The investigative authorities had at their disposal all the tools for the investigation of acts of torture. The Russian Federation actively cooperated with the European Committee against Torture and there was unimpeded access to all detention facilities, including by the Ombudsperson’s Office. The country had received 27 visits from the European Committee against Torture. The authorities did not prevent the publishing of the reports of the European Committee against Torture.
The authorities treated matters of compensation to victims of torture very seriously. They were trying to develop a system of comprehensive payment of compensation through the preparation of a relevant draft law.
The law of 19 July 2018 would improve the monitoring of the rights of detainees in psychiatric institutions. Russian law enforcement agencies no longer applied the “stick” system.
As for the prerogative of the Supreme Court to implement the decisions of the European Court of Human Rights, the authorities fulfilled and translated those judgments.
Turning to the staffing of the Public Oversight Committees, persons who had been put on trial and or were without the necessary legal background could not serve on those committees.
On statistical data of officials charged with torture charges, the delegation said that one person had been charged. Punishment was stricter – up to 10 years of imprisonment. More than 3,000 State officials had been charged with abuse of authority.
As for identical fundamental safeguards for all detainees regardless of the type of crime, the State had the same safeguard procedures for all citizens, except for those charged with terrorism, which carried a longer term of custody due to lengthy investigations. The protection of the basic rights and freedoms was one of the main goals of the Russian criminal justice system. The right of legal assistance was one of the general guarantees, according to the Criminal Procedures Code. Detainees had the right to inform, within three hours of their detention, their relatives about their detention. In case they refused, then within 12 hours the criminal investigating bodies had to do that. Detainees had no limitations on the right to a lawyer and interpreter.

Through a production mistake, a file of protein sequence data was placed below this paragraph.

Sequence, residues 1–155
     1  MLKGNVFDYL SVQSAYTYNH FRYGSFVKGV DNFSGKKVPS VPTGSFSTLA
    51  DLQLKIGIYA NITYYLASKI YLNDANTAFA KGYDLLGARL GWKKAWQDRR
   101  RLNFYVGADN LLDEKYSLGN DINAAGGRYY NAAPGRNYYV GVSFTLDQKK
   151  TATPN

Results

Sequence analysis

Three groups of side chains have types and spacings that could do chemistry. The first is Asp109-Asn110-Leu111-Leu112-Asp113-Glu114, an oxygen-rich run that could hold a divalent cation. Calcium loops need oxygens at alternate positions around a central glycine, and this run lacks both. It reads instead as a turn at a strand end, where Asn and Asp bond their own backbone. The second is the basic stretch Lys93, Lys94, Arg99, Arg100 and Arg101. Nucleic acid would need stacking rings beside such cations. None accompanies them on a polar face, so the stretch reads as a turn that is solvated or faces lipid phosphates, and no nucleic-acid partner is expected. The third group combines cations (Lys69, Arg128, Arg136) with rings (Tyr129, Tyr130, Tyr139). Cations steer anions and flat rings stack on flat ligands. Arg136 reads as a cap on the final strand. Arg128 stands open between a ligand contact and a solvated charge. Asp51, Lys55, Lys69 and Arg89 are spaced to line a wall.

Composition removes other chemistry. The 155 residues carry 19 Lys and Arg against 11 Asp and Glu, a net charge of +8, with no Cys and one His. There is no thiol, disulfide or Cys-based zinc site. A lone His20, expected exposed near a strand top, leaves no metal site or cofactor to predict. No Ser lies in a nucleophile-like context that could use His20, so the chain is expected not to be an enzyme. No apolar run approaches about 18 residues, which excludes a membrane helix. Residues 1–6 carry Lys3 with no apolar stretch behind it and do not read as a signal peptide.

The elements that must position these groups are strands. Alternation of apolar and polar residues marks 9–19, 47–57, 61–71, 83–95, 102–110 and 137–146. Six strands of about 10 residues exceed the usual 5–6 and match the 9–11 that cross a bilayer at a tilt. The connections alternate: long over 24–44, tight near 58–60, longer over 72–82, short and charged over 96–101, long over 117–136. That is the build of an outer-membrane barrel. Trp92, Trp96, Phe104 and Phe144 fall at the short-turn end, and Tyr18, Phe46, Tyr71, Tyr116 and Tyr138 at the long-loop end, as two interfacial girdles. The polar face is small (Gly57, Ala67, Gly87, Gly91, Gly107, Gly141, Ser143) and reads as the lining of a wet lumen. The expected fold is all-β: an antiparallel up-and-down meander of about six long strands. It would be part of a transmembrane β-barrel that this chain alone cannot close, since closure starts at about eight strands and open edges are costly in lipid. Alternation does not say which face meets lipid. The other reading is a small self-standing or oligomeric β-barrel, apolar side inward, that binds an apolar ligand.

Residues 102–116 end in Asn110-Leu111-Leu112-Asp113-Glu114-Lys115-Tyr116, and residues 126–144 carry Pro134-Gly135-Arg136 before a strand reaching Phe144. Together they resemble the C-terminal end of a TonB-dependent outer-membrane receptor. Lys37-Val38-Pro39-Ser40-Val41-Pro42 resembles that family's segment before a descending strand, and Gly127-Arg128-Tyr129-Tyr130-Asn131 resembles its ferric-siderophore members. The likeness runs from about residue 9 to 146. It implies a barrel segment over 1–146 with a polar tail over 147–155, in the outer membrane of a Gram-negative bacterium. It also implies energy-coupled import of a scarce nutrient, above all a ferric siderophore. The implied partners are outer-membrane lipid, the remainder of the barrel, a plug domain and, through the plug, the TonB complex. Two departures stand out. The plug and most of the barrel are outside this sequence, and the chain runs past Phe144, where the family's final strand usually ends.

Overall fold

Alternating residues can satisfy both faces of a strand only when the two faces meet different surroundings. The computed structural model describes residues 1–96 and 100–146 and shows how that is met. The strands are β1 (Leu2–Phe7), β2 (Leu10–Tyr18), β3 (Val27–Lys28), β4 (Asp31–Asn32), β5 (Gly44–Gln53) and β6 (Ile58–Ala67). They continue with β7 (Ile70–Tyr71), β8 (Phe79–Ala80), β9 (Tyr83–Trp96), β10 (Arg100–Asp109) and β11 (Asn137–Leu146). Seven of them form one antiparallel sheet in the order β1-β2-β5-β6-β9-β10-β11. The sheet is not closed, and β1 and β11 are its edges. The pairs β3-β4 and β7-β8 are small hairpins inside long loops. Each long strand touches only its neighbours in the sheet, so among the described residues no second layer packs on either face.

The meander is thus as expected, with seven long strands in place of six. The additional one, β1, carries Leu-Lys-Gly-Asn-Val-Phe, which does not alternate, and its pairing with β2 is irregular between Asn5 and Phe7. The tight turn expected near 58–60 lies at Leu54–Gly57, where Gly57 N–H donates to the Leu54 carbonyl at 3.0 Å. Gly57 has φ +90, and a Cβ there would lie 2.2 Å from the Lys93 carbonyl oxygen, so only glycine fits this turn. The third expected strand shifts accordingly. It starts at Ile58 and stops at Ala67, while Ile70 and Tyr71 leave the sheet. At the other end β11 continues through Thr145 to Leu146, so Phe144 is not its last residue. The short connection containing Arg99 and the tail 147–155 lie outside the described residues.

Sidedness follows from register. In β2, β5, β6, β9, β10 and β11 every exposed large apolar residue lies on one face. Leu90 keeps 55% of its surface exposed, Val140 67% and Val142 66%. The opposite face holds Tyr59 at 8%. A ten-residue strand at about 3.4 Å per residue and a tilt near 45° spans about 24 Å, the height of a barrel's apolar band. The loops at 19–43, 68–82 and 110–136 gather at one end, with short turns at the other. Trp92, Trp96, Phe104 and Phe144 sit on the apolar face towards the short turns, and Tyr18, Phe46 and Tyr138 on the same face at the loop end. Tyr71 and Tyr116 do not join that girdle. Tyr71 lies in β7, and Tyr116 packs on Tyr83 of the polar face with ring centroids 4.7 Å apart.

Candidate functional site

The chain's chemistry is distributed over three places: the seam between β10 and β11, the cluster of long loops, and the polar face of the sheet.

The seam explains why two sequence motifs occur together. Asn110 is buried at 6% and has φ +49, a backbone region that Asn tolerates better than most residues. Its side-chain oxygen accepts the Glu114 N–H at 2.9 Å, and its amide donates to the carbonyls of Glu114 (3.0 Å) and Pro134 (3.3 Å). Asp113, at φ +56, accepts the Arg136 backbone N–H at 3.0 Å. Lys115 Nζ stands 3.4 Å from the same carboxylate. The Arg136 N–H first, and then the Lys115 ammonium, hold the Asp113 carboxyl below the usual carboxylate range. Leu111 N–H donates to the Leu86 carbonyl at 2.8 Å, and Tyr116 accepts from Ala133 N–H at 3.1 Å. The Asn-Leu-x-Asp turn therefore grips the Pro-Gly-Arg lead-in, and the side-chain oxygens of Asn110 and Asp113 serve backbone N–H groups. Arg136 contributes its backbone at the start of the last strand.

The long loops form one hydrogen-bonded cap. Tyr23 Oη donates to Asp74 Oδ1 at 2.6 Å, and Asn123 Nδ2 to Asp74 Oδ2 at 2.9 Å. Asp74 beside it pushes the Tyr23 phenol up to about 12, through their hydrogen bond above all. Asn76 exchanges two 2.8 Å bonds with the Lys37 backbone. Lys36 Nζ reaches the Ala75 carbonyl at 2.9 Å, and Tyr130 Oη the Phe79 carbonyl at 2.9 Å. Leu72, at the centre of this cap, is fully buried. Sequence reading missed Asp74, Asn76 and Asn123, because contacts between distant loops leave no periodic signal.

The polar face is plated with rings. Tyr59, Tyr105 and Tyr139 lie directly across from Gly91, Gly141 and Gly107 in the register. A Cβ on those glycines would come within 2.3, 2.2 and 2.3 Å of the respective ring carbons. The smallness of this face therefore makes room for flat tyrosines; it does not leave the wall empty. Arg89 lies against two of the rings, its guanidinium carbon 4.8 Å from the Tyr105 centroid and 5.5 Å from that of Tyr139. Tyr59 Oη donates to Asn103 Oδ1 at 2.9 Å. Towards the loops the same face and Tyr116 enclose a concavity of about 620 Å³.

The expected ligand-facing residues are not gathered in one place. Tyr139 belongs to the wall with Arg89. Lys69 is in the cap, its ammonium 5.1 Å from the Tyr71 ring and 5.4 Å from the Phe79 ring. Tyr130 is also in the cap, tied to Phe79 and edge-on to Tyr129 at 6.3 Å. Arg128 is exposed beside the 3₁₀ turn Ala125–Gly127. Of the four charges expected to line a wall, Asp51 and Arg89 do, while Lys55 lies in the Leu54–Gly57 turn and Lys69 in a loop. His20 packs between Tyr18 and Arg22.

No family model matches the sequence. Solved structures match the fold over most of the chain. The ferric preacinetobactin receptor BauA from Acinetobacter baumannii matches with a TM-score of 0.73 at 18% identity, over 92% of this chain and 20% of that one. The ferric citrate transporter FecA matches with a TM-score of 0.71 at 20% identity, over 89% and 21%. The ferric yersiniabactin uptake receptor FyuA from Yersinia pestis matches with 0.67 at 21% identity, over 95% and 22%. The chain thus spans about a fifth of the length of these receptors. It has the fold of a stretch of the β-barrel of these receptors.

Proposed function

Once detainees were brought to investigators, there should be a record of detention and interrogation within an hour. Administrative detention could not last longer than three hours. Administrative detainees were held in special facilities.
Administrative expulsion of foreigners or stateless persons could be ordered by the court if they had committed an administrative violation when entering the Russian Federation, such as unlawful crossing of State borders. The authorities took measures to prevent such entries. There was a mechanism for informing relevant consulates about the decision to expel a foreigner.
On attacks on lesbian, gay, bisexual, transgender and intersex persons in Chechnya, the delegation noted that all reports of violence had been examined in due fashion and passed on to investigative authorities. The Ombudsperson’s Office had investigated those allegations and had found that they could not be confirmed.
With respect to the involuntary placement of persons in psychiatric facilities, courts could order it on the basis of a medical decision from a psychiatric panel. Safeguards for citizens would be strengthened. In 2016, courts had reviewed more than 25,000 decisions for involuntary placement in psychiatric facilities. More than 89 per cent had been resolved fully. In the majority of cases, the decision had been justified.
As for domestic violence and the kidnapping of brides, those questions did not fall under the mandate of the Committee against Torture, but the delegation would provide an answer in the spirit of cooperation. No such complaints had been received by the authorities.
Speaking of the escapes and violence in the Krasnoyarsk prison, the delegation explained that five inmates had escaped and that the reasons for their escape would be examined.
As for the extradition of individuals to States that requested them, the Ministry of Foreign Affairs had developed relevant guidelines and safeguards.
In line with the Criminal Proceedings Code, transfers were carried in a way that ensured that persons were taken to facilities in their own region. Pregnant women and women with children, as well as persons with disabilities, were transferred in special vehicles or airplanes with toilet facilities and air conditioning, drinking water, and video recording.
Complaints by detainees were registered in ledgers with a date stamp and information about the destination of the complaint. Complaints sent to the administration and the penitentiary system could receive an oral reply during an interview. Harassment of any kind against those who had submitted complaints was prohibited by law.